It was a rematch ordered by a contract rather than public demand, but Devin Haney confirmed his superiority over George Kambosos second time around, writes Sean Nam
It was deja vu all over again.
In one of the more blatantly redundant rematches in recent memory, Devin Haney vivisected George Kambosos Jnr. over 12 rounds, replicating his effort four months earlier to remain the lightweight division’s undisputed champion.
Kambosos, who, in an apparent attempt to turn over a new leaf, ditched both his longtime trainer and manager going into the fight, promised to flash a far more aggressive style. And it appeared, initially, he was on track to do so, after 29-year-old landed a booming overhand right in the opening round that caught the 23-year-old’s attention. But Haney — bigger, longer, quicker — would not absorb too many punches like that over the course of their fight. Haney quickly took control of the the pace and rhythm, keeping the Aussie at bay with the jab and dishing out punishment with the right hand. By the end, Kambosos was wearing a ghastly red mask.
Judges Leszek Jankowiak, Craig Megcalfe, and Manuel Oliver Palomo believed they saw an even more dominant fight from the clinical Las Vegan denizen than in the first fight, turning in scorecards that read 119-109, 118-110, and 118-110, respectively. (Scorecards for the first fight favored Haney by a slightly smaller margin: Two judges had it 116-112, while the other had it 118-110).
A return bout no one had been calling for, Haney-Kambosos II was essentially a pre-determined affair because of the gulf in talent between the two fighters. Haney, of course, had no choice but to participate in the matter, since Kambosos had a contractual prerogative, which he immediately invoked after the loss in the summer. The rematch clause — that favorite cudgel among boxing promoters to protect their investments — was part of a litany of business terms that Haney had to agree to earlier this year in order to get the chance to swap punches with Kambosos, who at the time held three of the lightweight belts.
If Haney had inoculated Kambosos with the jab in the first fight, his key weapon for the second was the right cross. Haney repeatedly landed his back hand, until Kambosos was drenched in blood by the end of the fight.
“I went in there I knew he was looking for the jab but I wanted to show some other tools in the arsenal,” Haney said in the postfight interview. “My dad wanted me to throw the hook more but I felt like the right hand is what won me the fight tonight.”
The right hand opened up for Haney because Kambosos made a key miscalculation in his strategy: by trying to switch stances so frequently — born, no doubt, out of a misguided understanding of what it means to be “slick” — Haney had plenty of openings to fling his sharp cross.
“When he first came out, I didn’t expect him to be switching,” Haney said. But I caught on to his timing and his angles, and I started to pick my shots more.
“Against a southpaw, the right hand is always on the money. That’s what happened.”
For all of the offensive novelties he brought into the ring, Kambosos seemed fresh out of answers by the time the middle rounds rolled around. In the sixth round, Haney had Kambosos bleeding from his left eye. And, in the seventh, Haney was the one who was beginning to do the stalking.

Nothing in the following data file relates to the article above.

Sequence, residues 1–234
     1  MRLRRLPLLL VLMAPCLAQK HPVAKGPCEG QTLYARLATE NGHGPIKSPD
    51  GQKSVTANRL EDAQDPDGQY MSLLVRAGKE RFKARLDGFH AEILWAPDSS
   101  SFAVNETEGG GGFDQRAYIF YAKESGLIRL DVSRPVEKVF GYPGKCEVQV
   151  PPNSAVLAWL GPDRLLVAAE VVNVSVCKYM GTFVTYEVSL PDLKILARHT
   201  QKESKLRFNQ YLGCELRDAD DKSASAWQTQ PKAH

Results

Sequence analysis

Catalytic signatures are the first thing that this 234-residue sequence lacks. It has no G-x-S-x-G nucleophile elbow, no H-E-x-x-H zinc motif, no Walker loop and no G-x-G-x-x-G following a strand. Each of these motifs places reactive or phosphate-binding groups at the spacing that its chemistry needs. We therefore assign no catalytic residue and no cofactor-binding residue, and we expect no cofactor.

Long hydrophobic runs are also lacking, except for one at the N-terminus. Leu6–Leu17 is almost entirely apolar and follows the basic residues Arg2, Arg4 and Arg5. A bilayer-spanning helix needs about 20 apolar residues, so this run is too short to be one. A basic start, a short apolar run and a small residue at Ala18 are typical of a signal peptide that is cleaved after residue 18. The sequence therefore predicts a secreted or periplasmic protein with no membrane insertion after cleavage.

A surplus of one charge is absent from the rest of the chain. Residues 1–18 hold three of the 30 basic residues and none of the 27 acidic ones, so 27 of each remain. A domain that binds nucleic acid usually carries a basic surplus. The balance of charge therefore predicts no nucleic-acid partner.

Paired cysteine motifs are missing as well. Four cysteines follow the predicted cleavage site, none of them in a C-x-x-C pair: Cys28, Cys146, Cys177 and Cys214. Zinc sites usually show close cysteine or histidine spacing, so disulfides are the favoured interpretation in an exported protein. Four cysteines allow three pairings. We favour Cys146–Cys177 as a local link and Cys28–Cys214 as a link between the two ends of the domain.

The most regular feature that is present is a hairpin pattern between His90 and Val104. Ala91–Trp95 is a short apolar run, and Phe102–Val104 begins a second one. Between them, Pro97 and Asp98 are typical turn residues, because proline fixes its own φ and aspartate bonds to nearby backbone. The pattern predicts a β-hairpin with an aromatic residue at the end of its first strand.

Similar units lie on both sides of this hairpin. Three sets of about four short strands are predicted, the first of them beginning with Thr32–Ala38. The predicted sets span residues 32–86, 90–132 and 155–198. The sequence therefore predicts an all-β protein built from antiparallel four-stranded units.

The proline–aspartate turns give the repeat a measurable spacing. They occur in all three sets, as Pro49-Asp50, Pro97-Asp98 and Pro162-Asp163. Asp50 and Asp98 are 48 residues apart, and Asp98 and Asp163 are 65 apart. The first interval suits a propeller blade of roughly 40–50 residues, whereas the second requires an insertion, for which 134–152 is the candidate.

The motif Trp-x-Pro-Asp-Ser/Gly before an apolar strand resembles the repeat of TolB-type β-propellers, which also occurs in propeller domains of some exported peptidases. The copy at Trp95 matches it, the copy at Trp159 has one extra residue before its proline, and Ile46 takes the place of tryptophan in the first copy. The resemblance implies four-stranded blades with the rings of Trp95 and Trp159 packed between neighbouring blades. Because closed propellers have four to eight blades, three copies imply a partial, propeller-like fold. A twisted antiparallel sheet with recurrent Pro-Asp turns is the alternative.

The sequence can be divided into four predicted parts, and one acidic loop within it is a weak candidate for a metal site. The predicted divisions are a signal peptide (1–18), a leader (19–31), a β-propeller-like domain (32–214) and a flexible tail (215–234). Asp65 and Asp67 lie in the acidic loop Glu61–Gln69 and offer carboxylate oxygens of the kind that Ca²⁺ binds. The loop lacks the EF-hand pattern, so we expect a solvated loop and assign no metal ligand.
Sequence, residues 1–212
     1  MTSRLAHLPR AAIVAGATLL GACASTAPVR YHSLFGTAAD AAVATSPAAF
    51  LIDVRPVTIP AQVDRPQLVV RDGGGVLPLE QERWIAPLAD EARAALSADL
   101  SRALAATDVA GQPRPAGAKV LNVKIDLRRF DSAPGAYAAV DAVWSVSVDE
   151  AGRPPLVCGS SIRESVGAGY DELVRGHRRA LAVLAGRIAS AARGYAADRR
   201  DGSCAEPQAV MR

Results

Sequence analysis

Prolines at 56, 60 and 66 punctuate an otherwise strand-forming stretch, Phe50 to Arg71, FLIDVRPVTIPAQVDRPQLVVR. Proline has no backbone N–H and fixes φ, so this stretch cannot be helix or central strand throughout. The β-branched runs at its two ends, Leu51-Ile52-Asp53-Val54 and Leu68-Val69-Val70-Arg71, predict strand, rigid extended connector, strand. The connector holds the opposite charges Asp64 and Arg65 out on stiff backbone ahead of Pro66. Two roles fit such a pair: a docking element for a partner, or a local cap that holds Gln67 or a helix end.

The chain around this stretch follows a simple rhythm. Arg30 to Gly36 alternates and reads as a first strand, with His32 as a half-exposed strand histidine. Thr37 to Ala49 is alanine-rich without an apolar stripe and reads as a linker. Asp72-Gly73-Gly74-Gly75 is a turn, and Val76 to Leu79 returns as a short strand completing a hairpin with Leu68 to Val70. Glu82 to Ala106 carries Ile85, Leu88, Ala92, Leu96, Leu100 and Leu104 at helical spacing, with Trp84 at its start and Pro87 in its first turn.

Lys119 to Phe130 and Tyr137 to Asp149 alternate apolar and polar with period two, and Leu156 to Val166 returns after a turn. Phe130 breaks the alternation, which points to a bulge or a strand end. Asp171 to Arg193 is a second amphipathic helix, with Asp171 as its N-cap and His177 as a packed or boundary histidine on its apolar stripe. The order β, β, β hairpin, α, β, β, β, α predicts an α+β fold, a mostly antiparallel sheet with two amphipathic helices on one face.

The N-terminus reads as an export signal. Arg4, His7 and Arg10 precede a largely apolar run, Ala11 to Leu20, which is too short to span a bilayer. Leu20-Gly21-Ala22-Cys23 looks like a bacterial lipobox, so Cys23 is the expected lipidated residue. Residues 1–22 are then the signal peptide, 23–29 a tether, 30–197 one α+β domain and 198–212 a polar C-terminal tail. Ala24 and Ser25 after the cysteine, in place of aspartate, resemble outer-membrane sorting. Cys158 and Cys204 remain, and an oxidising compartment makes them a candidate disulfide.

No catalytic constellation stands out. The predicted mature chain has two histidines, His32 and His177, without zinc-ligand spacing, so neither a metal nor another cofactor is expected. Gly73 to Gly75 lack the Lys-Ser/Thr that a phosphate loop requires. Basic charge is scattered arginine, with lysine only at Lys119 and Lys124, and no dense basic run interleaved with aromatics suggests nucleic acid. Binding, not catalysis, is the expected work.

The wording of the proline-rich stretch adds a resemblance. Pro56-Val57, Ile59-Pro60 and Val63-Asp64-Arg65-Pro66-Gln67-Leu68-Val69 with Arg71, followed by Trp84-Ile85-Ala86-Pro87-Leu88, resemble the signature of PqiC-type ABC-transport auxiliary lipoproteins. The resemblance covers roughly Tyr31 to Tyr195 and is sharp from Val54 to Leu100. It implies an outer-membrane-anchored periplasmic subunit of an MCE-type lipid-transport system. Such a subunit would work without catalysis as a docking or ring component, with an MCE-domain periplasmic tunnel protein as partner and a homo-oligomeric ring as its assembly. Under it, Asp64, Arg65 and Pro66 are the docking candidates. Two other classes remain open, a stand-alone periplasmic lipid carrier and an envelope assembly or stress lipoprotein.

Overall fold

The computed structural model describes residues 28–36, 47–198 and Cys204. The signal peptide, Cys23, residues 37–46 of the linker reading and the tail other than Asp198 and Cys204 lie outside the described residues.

After a lull, the fight took an interesting turn late in the fight. In a rare sequence, the ninth round saw both fighters trade punches in the middle of the ring. Haney had the final word, however, connecting with a combination late that appeared to hurt Kambosos. In the next round, sensing the Aussie was hurt, Haney began swinging for the fences and appeared on the verge of even getting a stoppage.
Asked if he wants to fight next the likes of Vasiliy Lomachenko and Gervonta Davis next, Haney refused to name specific fighters. It has been reported, however, that Top Rank Inc., the promotional company that backs both Lomachenko and Haney, is looking to stage a fight between their two clients sometime next year.
“Man, we taking on all comers,” Haney said. “No matter who it is. We want to fight the best fighters in the world. I believe I’m the best fighter in the world. Whoever it is next, bring them on.”
Katsuhiko Nakamura refereed.
On the Top Rank/DBE-promoted undercard, Aussie bantamweight contender Jason Moloney fended off a game Nawaphon Kaikanha of Thailand over 12 rounds.
The judges saw a lopsided fight in favor of Moloney, turning in scores of 118-110, 118-110, and 119-109.
Yet, Moloney, a former title challenger, ran into a few rough patches against an opponent who was never once truly wobbled. In the 10th round, Kaikanha connected with a right hand that momentarily destabilized Moloney.
Malcolm Bulner refereed.
Junior bantamweight contender Andrew Moloney, the brother of Jason, inched closer to yet another possible title shot with a comprehensive points win over Norbelto Jimenez of the Dominican Republic in a 10-round junior bantamweight bout.
All three judges (97-90, 98-88, 98-89) had it for Moloney.
Moloney scored two knockdowns, one apiece in the first two rounds. Jimenez, who complained to the referee all night long, was also deducted a point for hitting after referee Ignatius Missailidis issued a stop to the action.
Cherneka Johnson overcame a gruesome cut above her forehead early in her 10-round defense of her junior featherweight title against former champion Susie Ramadan to win a unanimous decision.
The scores were 97-90, 96-92, 96-91, all for Johnson.
By the second round, both fighters were bleeding from the face but it was Johnson who fared the worse after an inadvertent head clash created a giant gash above her left eye. A ring doctor appeared close to stopping the fight but allowed it to continue.